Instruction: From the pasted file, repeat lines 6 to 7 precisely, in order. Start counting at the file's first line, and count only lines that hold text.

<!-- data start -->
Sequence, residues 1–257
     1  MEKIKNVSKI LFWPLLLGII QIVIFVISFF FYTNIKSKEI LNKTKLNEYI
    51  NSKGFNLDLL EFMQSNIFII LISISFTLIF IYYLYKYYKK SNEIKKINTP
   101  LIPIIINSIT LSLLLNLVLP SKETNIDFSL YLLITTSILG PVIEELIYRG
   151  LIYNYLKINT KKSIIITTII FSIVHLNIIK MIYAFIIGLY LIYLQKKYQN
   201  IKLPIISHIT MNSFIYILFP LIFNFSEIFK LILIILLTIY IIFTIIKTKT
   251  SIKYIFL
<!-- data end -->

   201  IKLPIISHIT MNSFIYILFP LIFNFSEIFK LILIILLTIY IIFTIIKTKT
   251  SIKYIFL